Today I have a message for grammar school parents and kids. I pray you will listen if you truly love out game and hope to play for years. You will hear many opinions and get lots advice over the years. You will hear all the standard lines to gain your trust. I don’t have to tell you them. In most cases this will be your first time going though this basketball journey. You will have many up and downs. It will include tears of joy and sadness. You’re going to make many friends and lose many friends along the way… this I promise you. It will seem like the end of the world at the time but it’s not. It’s just part of the journey. So today I will try to tell how to make that journey a little more enjoyable.

It’s take a village to make a good player. That statement is just another catch line. What it takes is a kid with a passion and love for the game. That’s because there are some really bad villages out there. There are a 100 ways to skin a cat. Well basketball is not a cat and there is only one way. Work hard and have fun. Becoming a good basketball player and having a good experience go hand in hand. I honestly believe too much organized  basketball is not good for a kid’s development. I believe allowing a kid to use their imagination and creativity is the key to success. But if all they get is an education from folks who never played or had little success, that’s who they become.

I beg you to stop worrying about the future. Stop worrying about high school, stop worrying about college. And above all stop worrying about winning meaningless games. There are AAU and grammar school coaches who get their identify from youth basketball at your kids expense. Let your child focus on getting better. Learning the game. Enjoying  relationships with friends . Winning a grammar school game means zero. Being on the best grammar school team means nothing. Justine Pissott the  #9 ranked player in the country and Sophia Sabino one of the most recruited guards on the east coast won exactly 1 game as 4th and 5th graders. Marlboro wins the Mid Monmouth title every year and guess what? I bet you can’t name a player from Marlboro. Winning grammar school games is not important to your future. That’s an ego thing and can get you and  your child in trouble.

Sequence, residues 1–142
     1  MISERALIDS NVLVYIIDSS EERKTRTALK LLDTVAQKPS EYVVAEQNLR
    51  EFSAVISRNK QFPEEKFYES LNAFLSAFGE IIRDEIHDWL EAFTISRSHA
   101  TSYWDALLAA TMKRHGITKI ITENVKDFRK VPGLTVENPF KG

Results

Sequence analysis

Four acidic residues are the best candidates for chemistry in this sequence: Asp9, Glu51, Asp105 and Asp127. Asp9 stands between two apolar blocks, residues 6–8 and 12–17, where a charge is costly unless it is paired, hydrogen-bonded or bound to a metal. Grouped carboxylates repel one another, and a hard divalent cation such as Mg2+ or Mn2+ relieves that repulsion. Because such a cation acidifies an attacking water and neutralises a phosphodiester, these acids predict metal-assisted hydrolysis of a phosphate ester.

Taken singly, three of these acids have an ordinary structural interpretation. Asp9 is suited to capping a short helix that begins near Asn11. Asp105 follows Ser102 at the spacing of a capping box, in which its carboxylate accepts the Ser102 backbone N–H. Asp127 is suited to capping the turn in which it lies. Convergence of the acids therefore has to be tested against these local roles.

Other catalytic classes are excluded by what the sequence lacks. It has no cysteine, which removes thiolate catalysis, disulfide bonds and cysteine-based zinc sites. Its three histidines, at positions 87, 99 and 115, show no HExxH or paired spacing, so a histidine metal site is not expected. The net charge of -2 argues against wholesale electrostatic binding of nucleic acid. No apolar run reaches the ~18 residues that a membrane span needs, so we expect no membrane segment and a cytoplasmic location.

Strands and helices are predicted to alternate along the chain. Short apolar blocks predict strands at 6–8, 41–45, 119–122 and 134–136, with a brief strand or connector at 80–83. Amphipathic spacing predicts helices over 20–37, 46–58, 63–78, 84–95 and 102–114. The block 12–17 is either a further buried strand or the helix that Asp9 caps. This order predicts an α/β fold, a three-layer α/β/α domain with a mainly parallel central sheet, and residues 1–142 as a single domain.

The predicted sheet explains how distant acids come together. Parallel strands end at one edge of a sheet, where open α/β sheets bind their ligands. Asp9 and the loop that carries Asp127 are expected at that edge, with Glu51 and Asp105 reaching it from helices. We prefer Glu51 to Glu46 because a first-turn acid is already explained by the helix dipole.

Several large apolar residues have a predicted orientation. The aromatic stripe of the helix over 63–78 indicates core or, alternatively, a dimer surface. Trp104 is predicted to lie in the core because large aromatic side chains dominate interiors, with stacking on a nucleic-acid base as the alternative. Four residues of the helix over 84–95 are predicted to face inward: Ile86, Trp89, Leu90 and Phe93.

I strongly urge you to let your child play multiple sports. I promise you, the best players I have coached at every level played multiple sports when they were young. It also gives your child an entire group of new friends as well. More importantly your child is not be overdosed on basketball. No child should be practicing with a team 3-4 days a week during the school year. This is beyond “DUMB” and tells me there coaches are either inexperienced or were not very good players themselves or they would know better.

Kids I know you want to play. Everyone loves to play. But I beg you to understand. Becoming more skilled is way more important. Please play for your school team. Don’t be so arrogant to believe you’re too good for your school team please play for your town team. It goes to learning how to work with your peers. In some cases it will be the last time you play with many of them. The memories will run deep. Please don’t listen to those telling you it’s a waste of time or you need to focus on better competition. Those two hours playing with friends is not going to interrupt  your future. You probably home watching TV anyway. It’s just folks controlling you and making you think you’re something you’re not… more important!!!

Here is a dirty little secret. There are not a ton of competition at your age. You will play a competitive game once every 10 games. When you play up and get blown out your friends, parents and coaches will scream you’re young. When you beat a weak older team they will brag how  young and talented you are to anyone listening . Bragging goes on a lot at your age. I can honestly say I have coached some of the best players ever. All played for their middle school and town teams and would do over again in a second. Many believe it was their best basketball experience. Don’t let adults make you feel special because you’re not playing Mid Monmouth for example. You’re not special, you just listening to the wrong people. Those with a spotty track record of success long term.

Finally I run the most competitive basketball program in the state. I have coached more college players than everyone combined. Yet, I don’t let grammar school kids come to NBS. Without my permission. Then It’s only because I truly know the kid and their personality. Why? Because it’s too intense of an environment and not a good environment for kids just learning the game or who are not fully confident yet… regardless of how good they are. Kids need to train but I believe not with many different trainers. I think at that age too many philosophies are not a good thing. There is plenty of time for that down the road.

In the end kids and parents, I say slow your roll . Let your kids build their skills set, confidence, self esteem and have fun. When they get older, then maybe you turn up the heat and take things to another level. But for now enjoy the journey it can be a good one!

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